Apart from the health concerns, the unemployment spike associated with pandemic shutdowns could exacerbate existing economic inequalities. Already, people who are part Native Hawaiian or another Pacific Islander community are less likely than the average American to own homes and more likely to be renters. They are more likely to be veterans, and more likely to be unemployed.
There are also disparities within the broader Pacific Islander community. The national poverty rate for American families was 9.3%, according to the 2018 American Community Survey. For Native Hawaiians, it was 10.1%. For Samoans, it was 12.4%. For Micronesians it was 14.6%.
Nationally 6.2% of people who identify as part Native Hawaiian lack health insurance, compared with the national average of 8.9%. But that number rises to 9.5% for people who are part Samoan, and 11.2% for people who are part Micronesian, according to the 2018 American Community Survey.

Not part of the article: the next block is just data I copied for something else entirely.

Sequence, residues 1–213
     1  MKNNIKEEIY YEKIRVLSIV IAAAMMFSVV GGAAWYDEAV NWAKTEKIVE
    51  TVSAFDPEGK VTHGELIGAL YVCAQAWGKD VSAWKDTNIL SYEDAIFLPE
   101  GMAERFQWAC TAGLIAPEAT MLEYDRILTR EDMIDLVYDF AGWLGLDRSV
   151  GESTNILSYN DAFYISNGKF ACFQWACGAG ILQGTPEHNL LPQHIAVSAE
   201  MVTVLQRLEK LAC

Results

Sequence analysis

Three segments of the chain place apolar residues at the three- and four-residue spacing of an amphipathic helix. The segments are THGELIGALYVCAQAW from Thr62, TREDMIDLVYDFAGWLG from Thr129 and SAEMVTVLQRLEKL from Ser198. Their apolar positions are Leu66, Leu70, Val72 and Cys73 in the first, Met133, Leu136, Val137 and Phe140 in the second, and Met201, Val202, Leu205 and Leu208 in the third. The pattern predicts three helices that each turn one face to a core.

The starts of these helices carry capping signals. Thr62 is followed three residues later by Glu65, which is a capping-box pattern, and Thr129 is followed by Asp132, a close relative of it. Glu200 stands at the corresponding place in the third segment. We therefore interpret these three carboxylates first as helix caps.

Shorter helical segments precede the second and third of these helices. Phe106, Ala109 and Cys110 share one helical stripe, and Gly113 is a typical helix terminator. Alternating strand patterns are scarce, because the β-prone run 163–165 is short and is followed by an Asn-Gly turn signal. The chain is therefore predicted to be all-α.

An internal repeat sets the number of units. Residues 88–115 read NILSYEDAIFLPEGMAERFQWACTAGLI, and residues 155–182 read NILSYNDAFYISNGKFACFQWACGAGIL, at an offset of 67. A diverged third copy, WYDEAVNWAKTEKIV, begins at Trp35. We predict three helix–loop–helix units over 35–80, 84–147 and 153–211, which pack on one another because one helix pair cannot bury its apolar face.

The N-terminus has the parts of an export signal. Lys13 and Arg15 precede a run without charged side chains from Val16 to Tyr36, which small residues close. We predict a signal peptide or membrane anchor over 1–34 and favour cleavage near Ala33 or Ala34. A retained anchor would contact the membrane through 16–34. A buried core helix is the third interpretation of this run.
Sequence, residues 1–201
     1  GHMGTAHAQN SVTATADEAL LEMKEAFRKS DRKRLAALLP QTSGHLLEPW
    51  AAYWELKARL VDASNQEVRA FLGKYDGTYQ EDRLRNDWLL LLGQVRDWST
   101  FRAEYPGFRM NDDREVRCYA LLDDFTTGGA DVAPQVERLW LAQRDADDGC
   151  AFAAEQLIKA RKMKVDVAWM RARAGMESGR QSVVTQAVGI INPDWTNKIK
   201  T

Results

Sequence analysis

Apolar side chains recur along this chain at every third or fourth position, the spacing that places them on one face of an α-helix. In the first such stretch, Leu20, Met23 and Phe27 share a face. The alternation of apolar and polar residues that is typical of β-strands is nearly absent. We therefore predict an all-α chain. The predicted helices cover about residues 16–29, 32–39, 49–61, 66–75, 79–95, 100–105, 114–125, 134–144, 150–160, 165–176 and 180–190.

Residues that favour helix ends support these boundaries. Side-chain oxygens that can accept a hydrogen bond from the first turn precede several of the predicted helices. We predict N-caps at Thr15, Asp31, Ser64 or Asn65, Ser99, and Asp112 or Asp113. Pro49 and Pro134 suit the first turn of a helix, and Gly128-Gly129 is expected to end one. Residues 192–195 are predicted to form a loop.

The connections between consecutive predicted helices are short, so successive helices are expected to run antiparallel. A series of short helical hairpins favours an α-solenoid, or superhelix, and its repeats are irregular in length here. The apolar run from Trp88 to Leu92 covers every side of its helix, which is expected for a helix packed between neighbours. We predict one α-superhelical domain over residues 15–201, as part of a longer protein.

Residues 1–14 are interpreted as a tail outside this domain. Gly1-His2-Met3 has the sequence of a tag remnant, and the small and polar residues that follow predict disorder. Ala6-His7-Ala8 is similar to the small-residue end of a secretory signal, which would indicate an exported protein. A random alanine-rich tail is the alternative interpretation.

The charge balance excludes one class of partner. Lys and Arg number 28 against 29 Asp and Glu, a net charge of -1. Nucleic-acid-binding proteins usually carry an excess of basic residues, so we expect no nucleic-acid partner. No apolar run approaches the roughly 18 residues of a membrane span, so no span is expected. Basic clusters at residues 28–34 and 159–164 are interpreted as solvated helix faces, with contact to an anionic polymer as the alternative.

Concerns about the health and economic costs of the pandemic are spurring action and calls for further data disaggregation to help better target responses. Some Pacific communities could benefit from more language interpretation and translation, and others could use more culturally specific interventions, advocates say.
In Hawaii, Native Hawaiian-serving organizations are delivering meals to kupuna and working to help Hawaiian-owned businesses affected by COVID-19. Laelan in Arkansas is helping Marshallese residents with housing and food deliveries. Service providers helping Hawaii’s Micronesian community are fielding an onslaught of requests to help apply for unemployment.